Sullivan touches on a variety of topics
Mayor visits local chamber
Area residents received a Municipal-wide update from Mayor Dan Sullivan when he addressed the Chugiak-Eagle River Chamber of Commerce on Wednesday, Nov. 20 at the Eagle River Ale House.
He touched on everything from the budget to crime to homelessness to the Eklutna River Bridge.
Sullivan said this was the fourth year in a row the Muni finished with a budget surplus.
“This is something very rare these days,” he said.
The Muni also recently received an increase in its bond rating to AAA — the highest level — from Standard and Poor’s.
“It really is a tremendous accomplishment,” Sullivan said.
Thanks to an increase in commercial real estate, residential property taxes will decrease slightly, Sullivan said. The average homeowner will see a $9 drop in their property tax, he said.
Sullivan said he supports a sales tax to replace property tax dollar for dollar. Sales tax would give residents more control, he said, because they manage their amount of consumption. Property values, on the other hand, are out of homeowners’ control, Sullivan said.
Plans to reopen the Eklutna Bridge by 2015 are on track.
“The project is progressing as scheduled,” Sullivan said.
Bidding for the bridge, which was closed in May 2012 due to safety concerns, is slated to go out in summer 2014. Construction is scheduled for the following spring.
The Municipality had a slight increase in crime for 2012, Sullivan said. He said he wants to provide the Anchorage Police Department with the equipment needed to do its job.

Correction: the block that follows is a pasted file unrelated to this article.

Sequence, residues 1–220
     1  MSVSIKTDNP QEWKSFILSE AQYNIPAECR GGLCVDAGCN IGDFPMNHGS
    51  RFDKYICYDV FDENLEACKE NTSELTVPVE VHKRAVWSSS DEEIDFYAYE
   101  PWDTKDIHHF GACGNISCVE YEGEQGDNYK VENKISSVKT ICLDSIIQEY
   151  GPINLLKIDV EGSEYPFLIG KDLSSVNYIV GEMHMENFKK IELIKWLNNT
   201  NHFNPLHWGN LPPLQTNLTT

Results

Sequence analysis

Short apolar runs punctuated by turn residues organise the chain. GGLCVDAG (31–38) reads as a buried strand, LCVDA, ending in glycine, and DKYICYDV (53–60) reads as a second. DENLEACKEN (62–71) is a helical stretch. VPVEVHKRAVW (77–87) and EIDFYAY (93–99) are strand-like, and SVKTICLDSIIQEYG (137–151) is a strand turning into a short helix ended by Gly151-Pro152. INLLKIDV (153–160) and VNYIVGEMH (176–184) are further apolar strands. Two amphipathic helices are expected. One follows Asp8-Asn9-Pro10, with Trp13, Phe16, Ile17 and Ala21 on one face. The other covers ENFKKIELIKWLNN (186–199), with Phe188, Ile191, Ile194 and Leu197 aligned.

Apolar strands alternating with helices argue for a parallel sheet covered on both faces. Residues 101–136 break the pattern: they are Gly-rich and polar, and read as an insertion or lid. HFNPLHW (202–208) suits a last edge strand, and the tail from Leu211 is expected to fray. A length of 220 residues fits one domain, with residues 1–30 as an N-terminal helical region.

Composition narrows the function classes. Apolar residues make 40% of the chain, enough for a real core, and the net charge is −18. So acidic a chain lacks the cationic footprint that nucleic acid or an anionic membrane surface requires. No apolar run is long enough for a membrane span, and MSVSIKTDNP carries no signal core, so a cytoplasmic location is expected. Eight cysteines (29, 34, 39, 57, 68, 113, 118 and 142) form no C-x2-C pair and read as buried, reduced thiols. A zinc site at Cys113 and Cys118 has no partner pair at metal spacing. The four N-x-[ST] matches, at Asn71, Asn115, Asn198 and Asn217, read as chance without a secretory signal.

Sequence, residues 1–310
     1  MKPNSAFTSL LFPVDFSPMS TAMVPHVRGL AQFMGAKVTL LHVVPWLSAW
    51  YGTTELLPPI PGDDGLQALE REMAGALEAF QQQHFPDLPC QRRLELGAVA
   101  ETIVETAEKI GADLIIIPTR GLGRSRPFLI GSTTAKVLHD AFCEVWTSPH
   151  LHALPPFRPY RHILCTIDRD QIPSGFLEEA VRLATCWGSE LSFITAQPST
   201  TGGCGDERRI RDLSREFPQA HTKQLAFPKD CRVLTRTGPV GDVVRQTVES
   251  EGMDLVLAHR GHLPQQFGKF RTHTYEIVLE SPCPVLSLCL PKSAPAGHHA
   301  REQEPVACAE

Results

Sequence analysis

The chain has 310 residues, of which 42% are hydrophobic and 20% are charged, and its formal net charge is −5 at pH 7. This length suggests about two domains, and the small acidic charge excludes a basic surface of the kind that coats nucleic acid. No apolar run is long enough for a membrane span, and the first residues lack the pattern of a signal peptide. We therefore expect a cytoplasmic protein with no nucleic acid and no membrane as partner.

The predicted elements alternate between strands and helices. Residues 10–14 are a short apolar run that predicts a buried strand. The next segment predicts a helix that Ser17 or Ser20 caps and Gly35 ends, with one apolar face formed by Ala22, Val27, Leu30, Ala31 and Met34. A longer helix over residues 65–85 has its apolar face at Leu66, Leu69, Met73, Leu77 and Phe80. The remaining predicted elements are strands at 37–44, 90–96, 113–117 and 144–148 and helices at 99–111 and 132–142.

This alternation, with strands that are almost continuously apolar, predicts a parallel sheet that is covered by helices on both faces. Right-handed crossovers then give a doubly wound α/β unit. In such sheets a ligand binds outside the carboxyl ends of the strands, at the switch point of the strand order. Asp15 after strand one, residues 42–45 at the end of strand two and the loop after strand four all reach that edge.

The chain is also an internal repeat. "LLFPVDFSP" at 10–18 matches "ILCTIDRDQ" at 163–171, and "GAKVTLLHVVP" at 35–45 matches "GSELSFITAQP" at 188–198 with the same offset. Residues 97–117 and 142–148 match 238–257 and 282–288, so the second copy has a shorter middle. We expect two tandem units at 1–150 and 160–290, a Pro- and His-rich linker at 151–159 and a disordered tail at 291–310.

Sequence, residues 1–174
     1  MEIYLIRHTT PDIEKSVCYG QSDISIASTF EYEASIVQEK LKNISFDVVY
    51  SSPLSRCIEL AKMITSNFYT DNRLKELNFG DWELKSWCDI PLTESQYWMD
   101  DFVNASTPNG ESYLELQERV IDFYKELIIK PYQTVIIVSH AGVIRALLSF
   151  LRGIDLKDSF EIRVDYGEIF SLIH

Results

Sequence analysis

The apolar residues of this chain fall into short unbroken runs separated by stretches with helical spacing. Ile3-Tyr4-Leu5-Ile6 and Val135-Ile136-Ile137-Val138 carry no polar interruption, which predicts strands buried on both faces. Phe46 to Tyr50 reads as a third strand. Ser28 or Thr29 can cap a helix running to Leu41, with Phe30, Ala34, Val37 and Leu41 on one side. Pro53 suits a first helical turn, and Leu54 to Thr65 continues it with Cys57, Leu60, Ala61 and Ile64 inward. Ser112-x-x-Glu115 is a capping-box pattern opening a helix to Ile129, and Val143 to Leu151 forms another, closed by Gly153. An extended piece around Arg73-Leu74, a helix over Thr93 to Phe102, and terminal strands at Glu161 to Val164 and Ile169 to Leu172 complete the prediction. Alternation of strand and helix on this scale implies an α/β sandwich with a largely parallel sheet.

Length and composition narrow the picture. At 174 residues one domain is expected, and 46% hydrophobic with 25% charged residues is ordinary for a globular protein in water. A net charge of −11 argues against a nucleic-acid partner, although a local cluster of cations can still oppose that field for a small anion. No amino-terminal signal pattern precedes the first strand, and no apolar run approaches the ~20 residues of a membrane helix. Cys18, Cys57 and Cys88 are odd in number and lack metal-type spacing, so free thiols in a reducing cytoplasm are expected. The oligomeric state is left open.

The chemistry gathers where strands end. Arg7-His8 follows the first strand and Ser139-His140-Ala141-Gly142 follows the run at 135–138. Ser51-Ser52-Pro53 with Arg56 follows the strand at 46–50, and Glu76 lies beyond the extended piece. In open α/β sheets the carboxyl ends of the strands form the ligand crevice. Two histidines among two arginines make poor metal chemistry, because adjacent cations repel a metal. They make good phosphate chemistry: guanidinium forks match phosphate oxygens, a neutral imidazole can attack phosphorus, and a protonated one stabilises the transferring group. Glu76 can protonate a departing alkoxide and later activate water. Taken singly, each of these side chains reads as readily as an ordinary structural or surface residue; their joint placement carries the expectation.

“We try to make sure they have the best of the best,” Sullivan said.
The same goes for the Anchorage Fire Department.
Sullivan said he wants AFD to be well staffed and have top-notch equipment. Some of the latest additions include new ambulances, a watercraft and the Spenard Fire House that opened a month ago.
The city’s homeless population is an issue that Sullivan said he’s constantly addressing.
“We’re always working on homelessness,” he said.
Sullivan said his administration has done well to combine efforts of organizations all working to help the homeless.
“Nobody is going to cure this, but I think we’ve made some pretty good steps forward,” he said.
The faith community has been a huge help in housing the city’s homeless citizens, Sullivan said. Seven churches have received the necessary certification and provide beds during the cold winter months, he said.
“It’s made a big difference,” Sullivan said.
The mayor also discussed plans for Anchorage’s future, in particular, Ship Creek.
The area has a ton of potential, Sullivan said. Phase one of his plan would be to stabilize the banks and add structures, like fishing platforms.
The next phase, he said, would be residential and commercial development.
Sullivan also suggested filling in the mudflats to give the city a waterfront.
Though all conceptual at this point, Sullivan said his administration is looking at Ship Creek’s future.
“We’re working on it,” he said.
Contact Mike Nesper at 694-2727 or firstname.lastname@example.org.